Location

Aspen, Colorado, USA

Date

16-8-2001

Session

Poster Session 2

Abstract

In the British practical driving test, serious or dangerous faults are those judged to involve potential or actual danger, and a single such fault results in test failure. As part of a wider project to review the driving test, TRL conducted a study of test-retest reliability. Test and retest outcomes differed for a substantial proportion of candidates. The paper argues that inconsistent performance on the part of the candidate is likely to explain much of this apparent unreliability. Faults that are less serious are also recorded during the test but few candidates make the 16 of them necessary to fail. Self-reported accidents during the first six months of post-test driving were analysed together with driving test records for approximately 30,000 drivers. Statistical modelling suggested that people who pass the driving test having made large numbers of the less serious faults may be intrinsically less safe as drivers, but that they also tend to drive less overall, and less often at night. This reduces (and for men removes) the association between test faults and the actual number of accidents reported.

Rights

Copyright © 2001 the author(s)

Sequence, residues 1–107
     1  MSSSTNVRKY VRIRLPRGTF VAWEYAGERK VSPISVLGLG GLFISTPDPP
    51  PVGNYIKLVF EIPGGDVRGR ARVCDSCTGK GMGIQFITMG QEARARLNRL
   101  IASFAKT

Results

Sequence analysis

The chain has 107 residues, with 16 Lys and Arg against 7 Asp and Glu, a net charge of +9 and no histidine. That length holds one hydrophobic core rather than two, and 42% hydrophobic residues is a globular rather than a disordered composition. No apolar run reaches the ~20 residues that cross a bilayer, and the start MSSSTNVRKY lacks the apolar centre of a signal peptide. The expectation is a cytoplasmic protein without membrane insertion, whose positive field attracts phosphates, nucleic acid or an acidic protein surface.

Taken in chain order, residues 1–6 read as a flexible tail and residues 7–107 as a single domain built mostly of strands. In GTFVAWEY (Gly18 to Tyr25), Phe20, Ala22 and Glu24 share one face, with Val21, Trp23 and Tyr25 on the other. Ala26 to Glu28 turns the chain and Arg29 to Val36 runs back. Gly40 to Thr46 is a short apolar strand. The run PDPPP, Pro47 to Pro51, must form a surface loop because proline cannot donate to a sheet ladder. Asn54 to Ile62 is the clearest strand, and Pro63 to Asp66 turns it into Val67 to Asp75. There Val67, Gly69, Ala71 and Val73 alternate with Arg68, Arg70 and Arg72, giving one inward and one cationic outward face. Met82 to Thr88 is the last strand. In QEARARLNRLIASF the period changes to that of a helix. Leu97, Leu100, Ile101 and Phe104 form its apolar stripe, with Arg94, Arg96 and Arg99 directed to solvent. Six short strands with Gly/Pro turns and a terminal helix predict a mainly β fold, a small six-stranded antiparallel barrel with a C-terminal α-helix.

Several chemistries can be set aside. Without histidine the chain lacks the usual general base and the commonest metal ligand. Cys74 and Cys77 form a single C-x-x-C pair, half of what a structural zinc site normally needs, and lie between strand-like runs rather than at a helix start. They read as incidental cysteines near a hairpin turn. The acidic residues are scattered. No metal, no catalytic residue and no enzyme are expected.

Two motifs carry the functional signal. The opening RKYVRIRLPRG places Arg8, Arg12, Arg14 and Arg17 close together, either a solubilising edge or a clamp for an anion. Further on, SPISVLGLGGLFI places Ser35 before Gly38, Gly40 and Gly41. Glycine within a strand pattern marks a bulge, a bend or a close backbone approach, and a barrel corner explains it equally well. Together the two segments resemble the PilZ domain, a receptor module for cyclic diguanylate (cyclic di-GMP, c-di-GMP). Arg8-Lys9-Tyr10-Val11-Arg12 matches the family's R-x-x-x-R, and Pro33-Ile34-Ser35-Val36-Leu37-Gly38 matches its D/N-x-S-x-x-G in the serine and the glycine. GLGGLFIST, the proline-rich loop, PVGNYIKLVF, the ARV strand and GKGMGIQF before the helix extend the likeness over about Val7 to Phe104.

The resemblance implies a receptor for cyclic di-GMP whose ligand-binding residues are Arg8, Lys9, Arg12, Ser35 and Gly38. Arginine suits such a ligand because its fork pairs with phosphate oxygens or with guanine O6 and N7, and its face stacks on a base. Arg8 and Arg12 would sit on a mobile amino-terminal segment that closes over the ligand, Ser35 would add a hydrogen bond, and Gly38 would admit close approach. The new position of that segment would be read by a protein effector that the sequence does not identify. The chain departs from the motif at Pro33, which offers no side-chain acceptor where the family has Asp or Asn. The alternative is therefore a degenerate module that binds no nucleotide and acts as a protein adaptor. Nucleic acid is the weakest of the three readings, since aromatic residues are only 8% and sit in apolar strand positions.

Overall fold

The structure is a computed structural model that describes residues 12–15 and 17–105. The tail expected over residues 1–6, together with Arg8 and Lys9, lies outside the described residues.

DC Citation

Proceedings of the First International Driving Symposium on Human Factors in Driver Assessment, Training and Vehicle Design, 14-17 August 2001, Aspen, Colorado. Iowa City, IA: Public Policy Center, of Iowa, 2001: 264-269.

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Aug 16th, 12:00 AM

Driving Tests: Reliability and the Relationship Between Test Errors and Accidents

Aspen, Colorado, USA

In the British practical driving test, serious or dangerous faults are those judged to involve potential or actual danger, and a single such fault results in test failure. As part of a wider project to review the driving test, TRL conducted a study of test-retest reliability. Test and retest outcomes differed for a substantial proportion of candidates. The paper argues that inconsistent performance on the part of the candidate is likely to explain much of this apparent unreliability. Faults that are less serious are also recorded during the test but few candidates make the 16 of them necessary to fail. Self-reported accidents during the first six months of post-test driving were analysed together with driving test records for approximately 30,000 drivers. Statistical modelling suggested that people who pass the driving test having made large numbers of the less serious faults may be intrinsically less safe as drivers, but that they also tend to drive less overall, and less often at night. This reduces (and for men removes) the association between test faults and the actual number of accidents reported.